But you can’t charge it all the way full. It’s like a bucket you fill with water, but then you can only pour half of the water out. This is one of big challenges in the field right now - how do you get these cathode materials to behave up to their theoretical capacity? That’s why people have been so excited about the prospect of storing a lot more energy in lithium-rich cathodes.
Professor William Chueh, Investigator, The Stanford Institute for Materials and Energy Sciences (SIMES), SLAC
Similar to prevalent cathodes, lithium-rich cathodes are formed by sandwiching lithium layers between transition metal oxides layers, where transition metal oxides are elements such as manganese, nickel, or cobalt combined with oxygen. When lithium is added to the oxide layer, the capacity of the cathode is increased by 30%-50%.
Connecting the Dots
According to Chueh, earlier studies have demonstrated that various things simultaneously happen upon charging lithium-rich cathodes—lithium ions leave the cathode and reach the anode. Certain transition metal atoms take up the place of the lithium ions in the cathode. At the same time, oxygen atoms liberate a portion of their electrons, initiating the voltage and electrical current for charging.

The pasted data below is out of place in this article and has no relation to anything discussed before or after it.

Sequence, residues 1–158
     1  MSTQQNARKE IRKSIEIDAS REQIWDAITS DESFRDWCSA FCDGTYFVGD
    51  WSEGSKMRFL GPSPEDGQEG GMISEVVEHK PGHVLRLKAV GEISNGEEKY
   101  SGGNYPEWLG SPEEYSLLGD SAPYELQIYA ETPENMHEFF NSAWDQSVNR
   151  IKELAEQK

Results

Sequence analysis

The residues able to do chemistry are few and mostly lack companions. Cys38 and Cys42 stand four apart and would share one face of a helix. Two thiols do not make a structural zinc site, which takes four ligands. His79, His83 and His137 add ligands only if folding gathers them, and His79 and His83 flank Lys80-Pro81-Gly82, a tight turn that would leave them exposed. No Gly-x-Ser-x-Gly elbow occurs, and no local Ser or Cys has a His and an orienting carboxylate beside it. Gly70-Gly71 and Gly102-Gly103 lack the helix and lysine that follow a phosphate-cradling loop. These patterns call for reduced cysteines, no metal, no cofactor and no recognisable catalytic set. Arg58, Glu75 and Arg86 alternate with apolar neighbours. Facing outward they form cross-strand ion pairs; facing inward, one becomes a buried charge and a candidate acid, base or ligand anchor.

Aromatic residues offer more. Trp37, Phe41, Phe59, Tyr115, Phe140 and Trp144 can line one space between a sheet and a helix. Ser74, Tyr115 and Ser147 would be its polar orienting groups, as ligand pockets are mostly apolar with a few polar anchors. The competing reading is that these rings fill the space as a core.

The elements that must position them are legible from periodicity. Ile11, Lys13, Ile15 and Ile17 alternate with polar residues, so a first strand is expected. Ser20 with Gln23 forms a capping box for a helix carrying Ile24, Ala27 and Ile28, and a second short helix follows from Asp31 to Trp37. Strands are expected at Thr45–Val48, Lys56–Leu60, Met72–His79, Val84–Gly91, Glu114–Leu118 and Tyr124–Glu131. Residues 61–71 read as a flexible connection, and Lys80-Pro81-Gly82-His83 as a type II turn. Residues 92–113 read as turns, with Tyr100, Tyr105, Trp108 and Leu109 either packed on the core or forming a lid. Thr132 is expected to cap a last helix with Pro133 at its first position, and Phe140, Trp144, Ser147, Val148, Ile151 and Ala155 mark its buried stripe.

During the discharge cycle, the electrons and lithium ions return to the cathode, and a majority of the transition metal interlopers return to their actual positions, though not all return and not right away. After each cycle, this backward and forward movement of electrons and ions alters the atomic structure of the cathode. Chueh stated that it is similar to a bucket being transformed into a smaller and a somewhat different bucket.
“We knew all these phenomena were probably related, but not how,” stated Chueh. “Now this suite of experiments at SSRL and ALS shows the mechanism that connects them and how to control it. This is a significant technological discovery that people have not holistically understood.”
At SLAC’s SSRL, Toney and his team adopted different X-ray techniques to carefully ascertain the way the chemical and atomic structure of the cathode changed when the battery charges and discharges.
Another significant tool was soft resonant inelastic X-ray scattering (RIXS), which acquires atomic-scale information related to the electronic and magnetic characteristics of a material. A state-of-the-art RIXS system that started to function at ALS last year has the ability to scan samples considerably faster than earlier.
“RIXS has mostly been used for fundamental physics,” stated ALS researcher Wanli Yang. “But with this new ALS system, we wanted to really open up RIXS for practical materials studies, including energy-related materials. Now that its potential for these studies has been partially demonstrated, we could easily extend RIXS to other battery materials and reveal information that was not accessible before.”
The researchers are already involved in applying the basic understanding gained by them to develop battery materials with the potential to attain their theoretical capacity and not lose voltage in the due course.